Trust-Buster: Board members with high absenteeism, unaware of what’s going on with the organization, or who are perpetually silent do not garner trust.
Trust-Builder: Grace for growth based on shared values. Board members may not always agree or see eye-to-eye on every issue, but there are healthy and productive ways to solve problems and disputes, without distracting or detracting from the mission and the work of the organization. Things happen and people make mistakes, so allow for lessons to be learned and for change and correction to occur. Extend a little grace to one another knowing that even you can goof up from time to time. Resolve differences quickly, openly and honestly holding each board member in high esteem. It’s the Golden Rule, folks. Treat others as you would want to be treated. This builds trust.
Trust-Buster: Petty arguments and character assassination, even behind the scenes, will always spill onto center stage and distract everyone from the mission, work, and service delivery. This can damage a board, to say nothing of the organization and absolutely destroys trust.
Trust-Builder: Charity Transparency and Accountability. It is important to be clear about your role as a fiduciary. You are charged with safeguarding the public’s resources. As a board member, your fiduciary responsibility demands that you remain informed about the affairs of the organization. Should you ever come under scrutiny, “I didn’t know” won’t necessarily hold up, when it was your fiduciary responsibility “to know.” For starters, in every organization, there ought to be separation of duties to maintain transparency. As a board member you should be able to comfortably track and trace information and its sources so that you are comfortable that you are making decisions with the best information available. Transparency and accountability are the power twins of strong governance.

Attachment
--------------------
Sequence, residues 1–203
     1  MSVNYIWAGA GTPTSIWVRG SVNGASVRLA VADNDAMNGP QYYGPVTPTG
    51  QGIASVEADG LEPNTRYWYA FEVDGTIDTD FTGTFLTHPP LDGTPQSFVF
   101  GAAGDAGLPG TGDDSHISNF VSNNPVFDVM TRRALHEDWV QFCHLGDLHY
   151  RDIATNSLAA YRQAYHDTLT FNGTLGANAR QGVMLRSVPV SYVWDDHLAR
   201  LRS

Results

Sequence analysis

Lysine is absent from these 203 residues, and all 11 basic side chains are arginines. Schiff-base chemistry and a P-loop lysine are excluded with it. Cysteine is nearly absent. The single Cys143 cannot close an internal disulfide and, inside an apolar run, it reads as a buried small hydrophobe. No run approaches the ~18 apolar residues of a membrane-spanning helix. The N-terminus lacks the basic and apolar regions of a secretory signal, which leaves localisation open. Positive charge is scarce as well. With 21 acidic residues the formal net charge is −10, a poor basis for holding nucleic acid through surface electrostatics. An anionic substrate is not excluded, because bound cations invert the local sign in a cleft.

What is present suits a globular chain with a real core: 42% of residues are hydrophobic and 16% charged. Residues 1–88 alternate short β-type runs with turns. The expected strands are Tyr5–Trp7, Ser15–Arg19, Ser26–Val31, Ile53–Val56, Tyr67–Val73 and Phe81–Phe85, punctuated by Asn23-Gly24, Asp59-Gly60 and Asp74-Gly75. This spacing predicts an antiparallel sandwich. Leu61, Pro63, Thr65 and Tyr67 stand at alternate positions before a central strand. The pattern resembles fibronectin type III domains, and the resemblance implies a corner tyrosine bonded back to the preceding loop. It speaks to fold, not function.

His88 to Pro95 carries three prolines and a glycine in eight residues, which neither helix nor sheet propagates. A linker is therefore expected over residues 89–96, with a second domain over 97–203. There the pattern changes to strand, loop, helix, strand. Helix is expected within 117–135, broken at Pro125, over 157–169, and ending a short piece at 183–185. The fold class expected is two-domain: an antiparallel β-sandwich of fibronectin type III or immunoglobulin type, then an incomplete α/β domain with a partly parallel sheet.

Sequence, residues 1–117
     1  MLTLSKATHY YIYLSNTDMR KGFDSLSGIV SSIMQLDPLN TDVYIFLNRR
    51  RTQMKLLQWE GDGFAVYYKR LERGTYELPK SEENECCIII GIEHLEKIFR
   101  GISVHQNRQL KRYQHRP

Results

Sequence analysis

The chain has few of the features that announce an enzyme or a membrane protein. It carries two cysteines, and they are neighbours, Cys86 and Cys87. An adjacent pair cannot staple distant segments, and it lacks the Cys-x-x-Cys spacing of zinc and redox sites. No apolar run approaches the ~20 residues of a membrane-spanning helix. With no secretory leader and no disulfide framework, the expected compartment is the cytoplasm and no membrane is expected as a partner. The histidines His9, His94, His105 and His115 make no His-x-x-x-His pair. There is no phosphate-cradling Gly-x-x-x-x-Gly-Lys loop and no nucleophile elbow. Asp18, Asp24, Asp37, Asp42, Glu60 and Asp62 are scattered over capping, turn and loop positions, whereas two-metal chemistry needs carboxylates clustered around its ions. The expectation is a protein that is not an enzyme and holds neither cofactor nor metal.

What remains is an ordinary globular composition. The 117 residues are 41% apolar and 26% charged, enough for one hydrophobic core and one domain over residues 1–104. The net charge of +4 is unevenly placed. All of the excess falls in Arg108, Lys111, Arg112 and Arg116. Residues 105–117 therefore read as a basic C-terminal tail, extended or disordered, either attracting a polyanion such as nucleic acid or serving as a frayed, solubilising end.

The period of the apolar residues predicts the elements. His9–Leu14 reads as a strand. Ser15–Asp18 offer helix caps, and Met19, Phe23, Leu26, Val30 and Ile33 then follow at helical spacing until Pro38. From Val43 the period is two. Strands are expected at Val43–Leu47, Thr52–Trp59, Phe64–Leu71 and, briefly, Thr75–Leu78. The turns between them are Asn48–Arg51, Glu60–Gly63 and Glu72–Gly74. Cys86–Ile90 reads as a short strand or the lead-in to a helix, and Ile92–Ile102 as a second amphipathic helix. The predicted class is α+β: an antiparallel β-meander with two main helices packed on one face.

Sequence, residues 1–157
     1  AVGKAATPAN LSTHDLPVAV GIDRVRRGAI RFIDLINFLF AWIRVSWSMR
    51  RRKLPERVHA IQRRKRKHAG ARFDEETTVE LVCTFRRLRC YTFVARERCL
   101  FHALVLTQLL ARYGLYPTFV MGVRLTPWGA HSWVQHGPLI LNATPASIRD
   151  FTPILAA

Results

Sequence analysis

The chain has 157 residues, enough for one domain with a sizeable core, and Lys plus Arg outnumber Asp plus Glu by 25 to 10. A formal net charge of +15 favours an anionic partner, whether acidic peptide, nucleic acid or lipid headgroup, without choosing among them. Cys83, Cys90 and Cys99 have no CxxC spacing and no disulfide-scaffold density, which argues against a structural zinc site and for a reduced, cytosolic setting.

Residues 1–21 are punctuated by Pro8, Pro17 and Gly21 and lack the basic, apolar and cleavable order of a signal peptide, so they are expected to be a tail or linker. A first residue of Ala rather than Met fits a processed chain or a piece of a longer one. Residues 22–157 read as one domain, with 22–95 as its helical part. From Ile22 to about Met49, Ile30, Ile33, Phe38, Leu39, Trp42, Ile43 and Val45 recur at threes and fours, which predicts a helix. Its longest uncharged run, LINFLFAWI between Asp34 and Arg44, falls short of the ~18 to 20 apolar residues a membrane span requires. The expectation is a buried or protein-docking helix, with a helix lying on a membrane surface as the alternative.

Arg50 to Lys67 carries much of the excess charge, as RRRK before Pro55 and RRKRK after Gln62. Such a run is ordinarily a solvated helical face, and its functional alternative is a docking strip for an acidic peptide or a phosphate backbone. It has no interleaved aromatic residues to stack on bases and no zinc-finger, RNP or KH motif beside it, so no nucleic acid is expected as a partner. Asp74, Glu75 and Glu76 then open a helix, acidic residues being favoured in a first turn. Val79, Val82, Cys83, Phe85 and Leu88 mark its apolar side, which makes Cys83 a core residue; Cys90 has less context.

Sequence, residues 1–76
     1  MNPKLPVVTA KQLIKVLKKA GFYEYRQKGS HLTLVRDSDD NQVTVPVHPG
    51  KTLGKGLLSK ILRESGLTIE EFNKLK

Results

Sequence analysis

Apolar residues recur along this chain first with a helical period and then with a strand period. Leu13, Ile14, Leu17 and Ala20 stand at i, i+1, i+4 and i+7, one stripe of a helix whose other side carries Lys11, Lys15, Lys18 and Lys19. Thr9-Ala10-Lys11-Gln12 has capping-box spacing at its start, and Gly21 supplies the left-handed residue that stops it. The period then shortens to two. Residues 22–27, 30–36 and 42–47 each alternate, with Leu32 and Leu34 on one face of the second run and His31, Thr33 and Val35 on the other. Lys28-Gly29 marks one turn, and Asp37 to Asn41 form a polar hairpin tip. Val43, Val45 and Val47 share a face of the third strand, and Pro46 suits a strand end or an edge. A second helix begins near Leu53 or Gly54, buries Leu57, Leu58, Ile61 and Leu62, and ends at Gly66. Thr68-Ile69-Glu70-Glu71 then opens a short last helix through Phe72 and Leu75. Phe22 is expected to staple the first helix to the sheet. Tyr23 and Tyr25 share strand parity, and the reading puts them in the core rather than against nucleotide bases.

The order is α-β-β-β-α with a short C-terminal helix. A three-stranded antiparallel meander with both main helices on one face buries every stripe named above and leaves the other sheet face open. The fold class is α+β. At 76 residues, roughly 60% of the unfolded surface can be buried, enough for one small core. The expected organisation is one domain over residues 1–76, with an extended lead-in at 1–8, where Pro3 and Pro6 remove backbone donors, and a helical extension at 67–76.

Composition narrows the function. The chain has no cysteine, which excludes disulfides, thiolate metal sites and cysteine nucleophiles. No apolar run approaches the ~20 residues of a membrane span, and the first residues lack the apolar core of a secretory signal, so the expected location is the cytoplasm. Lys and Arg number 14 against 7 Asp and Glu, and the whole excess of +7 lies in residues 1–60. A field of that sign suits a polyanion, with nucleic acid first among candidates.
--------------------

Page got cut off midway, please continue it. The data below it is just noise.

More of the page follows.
Trust-Buster: Refusing as a board member to take responsibility to safeguard the public’s resources either through ignorance, lack of interest or engagement. This erodes trust.
Finally, nonprofits in general, make an extraordinary difference serving humanity around the world. The Standards for Excellence Institute remains committed to promoting greater trust between the public and the nonprofit sector.
“Nonprofits enjoy the public’s trust, and therefore must comply with a diverse array of legal and regulatory requirements. Organizations should conduct periodic reviews to address regulatory and fiduciary concerns. One of leadership’s fundamental responsibilities is to ensure that the organization governs and operates in an ethical and legal manner. Fostering exemplary conduct is one of the most effective means of developing internal and external trust as well as preventing misconduct. Moreover, to honor the trust that the public has given them, nonprofits have an obligation to go beyond legal requirements and embrace the highest ethical practices. Nonprofit board, staff, and volunteers must act in the best interest of the organization, rather than in furtherance of personal interests or the interests of third parties. A nonprofit should have policies in place, and should routinely and systematically implement those policies, to prevent actual, potential, or perceived conflicts of interest. In this way, ethics and compliance reinforce each other.” Standards for Excellence Code III – Legal Compliance, Guiding Principal.